Reflecting Allowed

Maha Bali’s blog about education

100 Years of AUC

| 0 comments

Reading Time: 3 minutes

Yesterday, my university, my alma mater started its Centennial celebrations- the first of many events happening over the coming year. AUC was established in 1919 and has grown into so much more than it was when it was first established. AUC is like the ivy league of the region, even though it’s a liberal arts not R1 institution.

The celebration yesterday was bittersweet. On the one hand, I am still a proud alumna of this institution, which gave me so much, where I had so many great teachers and mentors and friends. Where I enjoyed learning as a student, then TA and staff (instructional technologist and faculty developer since 2003) and finally as a faculty member (now, since 2014).

I took a photo with my mom who used to work at AUC as a senior physician and loved being there (funnily, she started working at AUC just before I graduated). My mom who encouraged me to join AUC (a privilege) at a time I didn’t realize how big of deal it was to take advantage of that privilege. My mom who helped me stay in touch with AUC so that when I came back to work, it felt like I hadn’t left at all…

I took photos with my first boss at AUC Dr. Aziza Ellozy (but she is so much more as a mentor and second mother to me) and my current department director (but more importantly old-time friend and co-teacher) Hoda Mostafa. Despite everything that goes wrong with AUC, I love these two women for the positivity they bring to our department in whatever ways they can despite structural and systemic issues at AUC. There were many others I loved at AUC who mentored me and make me love this place…it’s difficult to name them all and not all were there yday during the short time I spent…

But also….

It is now publicly known that AUC Senate recently voted no confidence in AUC’s president (AUC student newspaper Caravan coverage, NYTimes) after a General Faculty Meeting voted to do this. Believe me when I say that although the recent Pompeo visit was part of the outrage, it is so much more and has been brewing for so long.

For me, one of the key things about AUC is that its Americanness (potentially colonizing) is offset by a good number of really critical Egyptian faculty (and American and Western faculty allies) who care about practicing democracy (participatory decision-making and shared governance) and advocating for social justice within this institution’s walls not just for themselves but for students and staff as well. And this has been a struggle for years, even before this administration, for longer. I won’t get into specifics here…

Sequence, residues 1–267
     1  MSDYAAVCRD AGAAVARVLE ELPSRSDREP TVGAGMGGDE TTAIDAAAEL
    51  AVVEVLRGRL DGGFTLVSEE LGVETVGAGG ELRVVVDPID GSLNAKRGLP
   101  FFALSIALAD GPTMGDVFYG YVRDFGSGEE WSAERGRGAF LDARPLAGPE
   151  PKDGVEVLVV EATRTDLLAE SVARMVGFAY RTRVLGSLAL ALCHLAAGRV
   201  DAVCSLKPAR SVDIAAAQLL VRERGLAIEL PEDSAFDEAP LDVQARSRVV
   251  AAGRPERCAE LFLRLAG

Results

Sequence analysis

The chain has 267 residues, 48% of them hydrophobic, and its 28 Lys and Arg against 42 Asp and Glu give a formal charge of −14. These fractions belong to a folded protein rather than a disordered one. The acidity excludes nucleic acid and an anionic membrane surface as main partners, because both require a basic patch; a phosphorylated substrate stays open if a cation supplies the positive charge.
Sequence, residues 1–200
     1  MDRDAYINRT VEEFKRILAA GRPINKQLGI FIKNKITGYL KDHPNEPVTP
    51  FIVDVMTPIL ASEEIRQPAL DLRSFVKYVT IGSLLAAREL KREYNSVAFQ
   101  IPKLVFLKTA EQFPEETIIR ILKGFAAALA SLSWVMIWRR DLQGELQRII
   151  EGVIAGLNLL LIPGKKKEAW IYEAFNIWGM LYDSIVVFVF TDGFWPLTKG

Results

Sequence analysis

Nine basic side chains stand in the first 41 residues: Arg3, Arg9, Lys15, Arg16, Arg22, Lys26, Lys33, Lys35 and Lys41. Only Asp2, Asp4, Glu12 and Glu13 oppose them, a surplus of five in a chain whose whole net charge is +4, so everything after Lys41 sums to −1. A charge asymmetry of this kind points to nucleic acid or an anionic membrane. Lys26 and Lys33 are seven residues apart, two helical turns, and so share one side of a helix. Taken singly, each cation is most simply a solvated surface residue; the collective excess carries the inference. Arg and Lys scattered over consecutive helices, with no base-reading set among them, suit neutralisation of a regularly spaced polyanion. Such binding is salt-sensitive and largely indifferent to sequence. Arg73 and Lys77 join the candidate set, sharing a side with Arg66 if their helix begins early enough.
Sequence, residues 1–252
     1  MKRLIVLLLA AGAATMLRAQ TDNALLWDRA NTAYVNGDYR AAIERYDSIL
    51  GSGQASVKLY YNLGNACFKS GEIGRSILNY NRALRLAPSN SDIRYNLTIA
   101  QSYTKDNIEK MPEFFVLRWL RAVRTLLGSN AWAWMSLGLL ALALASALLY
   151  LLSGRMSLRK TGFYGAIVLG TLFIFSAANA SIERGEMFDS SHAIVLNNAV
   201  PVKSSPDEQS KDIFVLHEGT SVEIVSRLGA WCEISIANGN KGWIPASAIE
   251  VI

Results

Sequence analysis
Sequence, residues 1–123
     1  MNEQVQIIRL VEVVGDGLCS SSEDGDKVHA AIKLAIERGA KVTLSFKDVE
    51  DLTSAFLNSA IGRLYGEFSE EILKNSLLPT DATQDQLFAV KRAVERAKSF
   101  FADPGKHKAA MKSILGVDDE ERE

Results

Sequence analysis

And yet…

Despite all of this, AUC is still by far the better institution in Egypt. Not because of research or quality of technical education…but because of the liberal arts education and the overall environment that nurtures the development of students as citizens of the world. This combination of critical thinking, self-efficacy and broad-mindedness matters in an Egypt where people are struggling to know whom and what to believe and how to constructively dialogue with one another. AUC builds this social and cultural capital – and yes the majority of its student body are already elites and it reproduces their privilege as Westernized elites. I won’t and can’t deny that. But it also offers opportunities for others and it also manages, somehow, to produce critival citizens who are both global citizens and also potentially good local citizens with a broad perspective. And Egypt needs that more than technically proficient doctors and engineers (but I am a biased AUCian with a Westernized education teaching in a Westernized institution, so I may be wrong).

And the important thing is, we can celebrate AUC’s existence for 100 years, an institution that brought good American-style education to Egypt and the region, while resisting a hegemonic approach to running this institution, and insisting on shared governance where faculty and students and staff…the people who make this institution what it is…have the power to take it in directions they believe it should go.

It is important that we model for our students constructive political dialogue and action and advocacy….though sometimes, our students themselves do a great job of it all on their own.

Leave a Reply

This site uses Akismet to reduce spam. Learn how your comment data is processed.

Follow

Get every new post on this blog delivered to your Inbox.

Join other followers:

%d bloggers like this: